Unionism came to the Australian bushman as a religion. It came, bringing salvation from years of tyranny. It had in it that feeling of mateship which he understood already, and which always characterised the action of one "white man" to another. Unionism extended the idea, so a man's character was gauged by whether he stood true to Union rules or "scabbed" it on his fellows. The man who never went back on his Union is honoured today as no other is honoured or respected. The man who fell once may be forgiven, but he is not fully trusted. The lowest term of reproach is to call a man a "scab".
Experience has taught that the man who sells himself to the employer at a time of strike is a man of weak character, if not worse. At many a country ball the girls have refused to dance with them, the barmaids have refused them a drink, and the waitresses a meal.
Unionists have starved rather than accept work under other conditions. Hundreds of men have worn their boots and clothes to tatters seeking work upon Union terms; and, not finding it, have gone without for a year - remaining penniless, but independent, and proud that they had not degraded themselves. It was such men who made the Union a success, and enabled it to hold its own against well-organised Capitalism aided by friendly Governments. Men imbued with such a spirit put the Cause above personal self-interest. They needed no prompting - no exciting by fiery orators - but stood loyal to principle, no matter what the consequences might be. Rough and unpolished many of them may be; but manly, and "white" all the time, and the movement owes them much.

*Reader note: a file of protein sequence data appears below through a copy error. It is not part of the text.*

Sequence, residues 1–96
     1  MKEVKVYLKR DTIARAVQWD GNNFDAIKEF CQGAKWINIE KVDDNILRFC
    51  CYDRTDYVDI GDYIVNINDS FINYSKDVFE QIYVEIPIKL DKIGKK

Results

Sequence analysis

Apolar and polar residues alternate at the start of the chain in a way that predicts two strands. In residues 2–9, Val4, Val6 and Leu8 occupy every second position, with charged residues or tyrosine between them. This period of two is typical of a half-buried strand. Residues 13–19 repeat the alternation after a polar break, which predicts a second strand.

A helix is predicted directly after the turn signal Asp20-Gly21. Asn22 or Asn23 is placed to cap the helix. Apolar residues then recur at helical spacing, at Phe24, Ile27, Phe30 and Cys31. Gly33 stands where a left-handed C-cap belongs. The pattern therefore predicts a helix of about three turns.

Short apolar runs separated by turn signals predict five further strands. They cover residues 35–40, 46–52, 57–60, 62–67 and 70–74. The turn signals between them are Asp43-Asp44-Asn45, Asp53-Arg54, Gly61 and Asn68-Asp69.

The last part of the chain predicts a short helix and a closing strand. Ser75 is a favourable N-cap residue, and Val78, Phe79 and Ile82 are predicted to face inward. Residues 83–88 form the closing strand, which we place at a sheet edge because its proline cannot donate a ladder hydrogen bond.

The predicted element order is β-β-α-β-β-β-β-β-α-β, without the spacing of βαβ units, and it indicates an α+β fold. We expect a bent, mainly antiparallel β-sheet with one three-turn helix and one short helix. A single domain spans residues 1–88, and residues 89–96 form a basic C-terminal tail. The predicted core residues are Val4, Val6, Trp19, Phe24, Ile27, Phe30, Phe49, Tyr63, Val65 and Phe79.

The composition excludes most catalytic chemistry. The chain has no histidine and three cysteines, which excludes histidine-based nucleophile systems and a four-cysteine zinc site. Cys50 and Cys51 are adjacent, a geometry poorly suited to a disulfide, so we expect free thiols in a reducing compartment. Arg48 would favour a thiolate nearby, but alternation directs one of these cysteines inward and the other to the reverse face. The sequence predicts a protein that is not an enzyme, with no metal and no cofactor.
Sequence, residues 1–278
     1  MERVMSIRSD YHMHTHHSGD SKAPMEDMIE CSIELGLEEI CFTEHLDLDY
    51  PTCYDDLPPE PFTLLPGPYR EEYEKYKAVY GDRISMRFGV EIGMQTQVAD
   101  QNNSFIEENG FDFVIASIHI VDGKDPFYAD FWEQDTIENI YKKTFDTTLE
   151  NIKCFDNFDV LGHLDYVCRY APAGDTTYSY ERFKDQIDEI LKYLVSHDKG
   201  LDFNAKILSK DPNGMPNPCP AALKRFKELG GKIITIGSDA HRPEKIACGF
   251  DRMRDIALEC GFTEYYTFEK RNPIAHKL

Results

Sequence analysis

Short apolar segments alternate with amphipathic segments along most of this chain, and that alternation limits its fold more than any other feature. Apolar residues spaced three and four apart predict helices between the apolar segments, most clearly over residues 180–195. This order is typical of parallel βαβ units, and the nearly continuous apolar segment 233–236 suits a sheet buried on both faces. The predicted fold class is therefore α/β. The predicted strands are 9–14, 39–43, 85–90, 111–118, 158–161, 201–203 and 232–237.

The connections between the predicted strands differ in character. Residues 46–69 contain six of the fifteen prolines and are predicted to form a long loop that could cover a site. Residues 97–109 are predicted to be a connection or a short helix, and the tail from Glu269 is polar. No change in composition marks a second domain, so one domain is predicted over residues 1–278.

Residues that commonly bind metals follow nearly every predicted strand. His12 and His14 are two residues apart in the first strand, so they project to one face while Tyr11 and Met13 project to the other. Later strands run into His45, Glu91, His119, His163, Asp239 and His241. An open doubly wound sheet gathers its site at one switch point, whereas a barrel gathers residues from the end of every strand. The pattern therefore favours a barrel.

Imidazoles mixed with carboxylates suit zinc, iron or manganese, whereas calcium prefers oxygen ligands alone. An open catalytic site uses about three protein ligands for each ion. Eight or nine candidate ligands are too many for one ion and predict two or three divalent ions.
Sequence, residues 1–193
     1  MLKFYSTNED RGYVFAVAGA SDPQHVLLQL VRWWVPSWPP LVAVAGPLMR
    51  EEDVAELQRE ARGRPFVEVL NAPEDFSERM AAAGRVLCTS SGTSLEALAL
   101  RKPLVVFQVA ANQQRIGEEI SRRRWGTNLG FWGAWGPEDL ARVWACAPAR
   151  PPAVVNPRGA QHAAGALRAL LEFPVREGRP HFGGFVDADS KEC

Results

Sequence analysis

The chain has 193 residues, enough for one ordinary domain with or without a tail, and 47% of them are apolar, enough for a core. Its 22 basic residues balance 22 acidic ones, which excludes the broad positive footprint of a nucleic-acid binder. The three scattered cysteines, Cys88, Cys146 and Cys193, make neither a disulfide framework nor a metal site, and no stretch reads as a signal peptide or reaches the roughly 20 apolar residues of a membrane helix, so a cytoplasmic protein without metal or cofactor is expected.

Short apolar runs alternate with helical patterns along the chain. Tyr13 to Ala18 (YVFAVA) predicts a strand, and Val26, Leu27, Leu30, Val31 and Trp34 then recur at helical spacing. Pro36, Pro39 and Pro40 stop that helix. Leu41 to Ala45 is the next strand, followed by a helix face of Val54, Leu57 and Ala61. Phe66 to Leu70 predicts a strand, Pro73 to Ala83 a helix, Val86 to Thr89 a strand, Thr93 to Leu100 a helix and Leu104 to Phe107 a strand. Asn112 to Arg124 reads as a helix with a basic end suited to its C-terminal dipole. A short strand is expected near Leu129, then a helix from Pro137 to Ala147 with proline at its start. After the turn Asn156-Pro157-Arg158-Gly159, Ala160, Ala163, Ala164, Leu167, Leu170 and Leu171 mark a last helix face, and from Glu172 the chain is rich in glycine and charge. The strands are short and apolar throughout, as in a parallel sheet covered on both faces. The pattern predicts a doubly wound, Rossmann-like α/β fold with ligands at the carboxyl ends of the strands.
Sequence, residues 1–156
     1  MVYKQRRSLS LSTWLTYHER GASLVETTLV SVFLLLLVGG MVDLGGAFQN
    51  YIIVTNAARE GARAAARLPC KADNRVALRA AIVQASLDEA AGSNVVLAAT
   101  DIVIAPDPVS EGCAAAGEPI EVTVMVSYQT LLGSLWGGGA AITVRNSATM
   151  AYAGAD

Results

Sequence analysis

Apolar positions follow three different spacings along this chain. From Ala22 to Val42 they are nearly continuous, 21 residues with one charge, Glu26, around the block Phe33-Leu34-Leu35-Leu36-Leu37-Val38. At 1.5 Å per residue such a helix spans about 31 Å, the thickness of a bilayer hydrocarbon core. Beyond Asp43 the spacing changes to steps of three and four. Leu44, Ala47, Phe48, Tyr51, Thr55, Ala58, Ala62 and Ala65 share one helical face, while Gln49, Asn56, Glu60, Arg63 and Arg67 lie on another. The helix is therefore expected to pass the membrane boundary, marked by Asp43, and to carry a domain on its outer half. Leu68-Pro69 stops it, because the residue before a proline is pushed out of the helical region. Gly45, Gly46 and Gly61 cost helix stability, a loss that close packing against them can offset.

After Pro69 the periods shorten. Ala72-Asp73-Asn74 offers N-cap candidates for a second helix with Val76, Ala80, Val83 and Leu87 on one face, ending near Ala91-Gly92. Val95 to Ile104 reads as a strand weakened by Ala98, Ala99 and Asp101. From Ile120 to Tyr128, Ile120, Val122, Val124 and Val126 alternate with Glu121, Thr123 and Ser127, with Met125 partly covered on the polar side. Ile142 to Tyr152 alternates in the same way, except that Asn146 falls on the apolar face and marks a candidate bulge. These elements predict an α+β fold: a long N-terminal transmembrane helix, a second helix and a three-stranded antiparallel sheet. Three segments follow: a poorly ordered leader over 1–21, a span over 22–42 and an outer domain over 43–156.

The A.W.U. was the first to introduce the idea of applying Trades Union methods to secure political and social reform. It teaches its members that to vote straight for Labor candidates is as necessary as to act straight in regard to Union rules and conditions industrially. The working man who supports any candidate for Parliament opposed to a Labor candidate is considered as politically black-legging on his class. The effect of this teaching has been such that wherever the A.W.U. holds sway the representatives in Parliament are all Labor members, and if there be any member of the Union who votes for any other he is unknown and unheard of.
The Union has recognised that it is not by hoarding money, but by the judicious expenditure of its funds, that success comes. To secure an educated membership is its aim rather than the building up of big funds. It is men rather than money who will win the fight for social justice. Every year the Union sends out organisers, and last year it had twenty-eight working at one time, all of whom are paid, and whose duty it is not only to enrol members, but to educate them industrially and politically. A certain sum is spent on literature, and one shilling per member per year is set apart in a Parliamentary fund for paying the expenses of candidates.
This document comprises extracts from Australia's Awakening by W.G. Spence (Sydney, 1909). These were reprinted in A Documentary History of the Australian Labor Movement 1850-1975, edited by Brian J. McKinlay (Richmond, Victoria, 1979), pages 359-361.